Creativity Magazine

A Trip to Russka

By Vickilane


A Trip to Russka
This has been on our shelf, next to LONDON and SARUM, both of which I'd read and enjoyed, being an Anglophile of long standing. But RUSSKA. . .well, having struggled in the past through Russian novels that required me to keep a running list of the various names, nicknames, and patronymics, somehow, I just continued to ignore this doorstopper (almost a thousand pages) of a book.

Until I didn't. And I really enjoyed it and learned so much about Russian history, from the earliest beginnings to the era of Stalin and a bit beyond. My favorite way to learn history.Rutherfurd traces two families-one landowners, the other serfs--down through the years, (complete with a handy chart of family tree) showing the ups and downs of each while giving an overview of Russian politics, sociology, religion, and economics. This vast, sprawling country couldn't be contained in a smaller book.I took it fairly slow and interspersed it with a bit of lighter reading, actually, re-reading--Sharyn McCrumb's earlier Elizabeth MacPherson novels. At the same time, I was toggling between two audiobooks--SENSE AND SENSIBILITY (nowhere near as good as PRIDE AND PREJUDICE, though it has its moments) and a continuing re-listen to O'Brian's Aubrey/Maturin wonderful series, read by the perfect reader, Parick Tull.What a delight to leap from a Russian village on the edge of the steppes to a tourist's eye view of modern Scotland to prim and proper Regency England to battles at sea and intrigue in Malta during the Napoleonic era and back to aristocratic life in old St Petersburg! Books are such a great way to travel.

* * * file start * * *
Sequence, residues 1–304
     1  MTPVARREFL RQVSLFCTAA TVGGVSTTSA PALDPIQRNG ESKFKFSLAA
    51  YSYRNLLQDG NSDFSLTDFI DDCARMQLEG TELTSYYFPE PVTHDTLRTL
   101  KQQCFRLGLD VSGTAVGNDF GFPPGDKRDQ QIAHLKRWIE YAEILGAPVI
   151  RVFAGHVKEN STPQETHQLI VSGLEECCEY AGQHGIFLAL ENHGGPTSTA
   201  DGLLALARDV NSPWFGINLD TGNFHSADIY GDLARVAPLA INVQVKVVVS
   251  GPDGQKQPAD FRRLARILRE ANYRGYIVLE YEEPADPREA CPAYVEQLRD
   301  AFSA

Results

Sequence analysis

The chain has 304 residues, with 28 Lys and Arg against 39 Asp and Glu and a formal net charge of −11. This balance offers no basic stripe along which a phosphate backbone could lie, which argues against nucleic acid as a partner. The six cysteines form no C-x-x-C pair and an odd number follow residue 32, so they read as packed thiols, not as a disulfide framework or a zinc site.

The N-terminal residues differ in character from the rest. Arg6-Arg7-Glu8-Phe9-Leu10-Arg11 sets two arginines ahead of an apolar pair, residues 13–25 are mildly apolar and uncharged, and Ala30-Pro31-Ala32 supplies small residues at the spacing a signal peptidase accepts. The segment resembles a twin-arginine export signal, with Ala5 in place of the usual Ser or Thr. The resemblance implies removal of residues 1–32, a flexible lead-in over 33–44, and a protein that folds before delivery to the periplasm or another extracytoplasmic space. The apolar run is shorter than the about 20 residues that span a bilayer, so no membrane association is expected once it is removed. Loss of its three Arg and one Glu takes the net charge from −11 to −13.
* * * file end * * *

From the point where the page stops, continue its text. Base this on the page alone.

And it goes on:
Back to Featured Articles on Logo Paperblog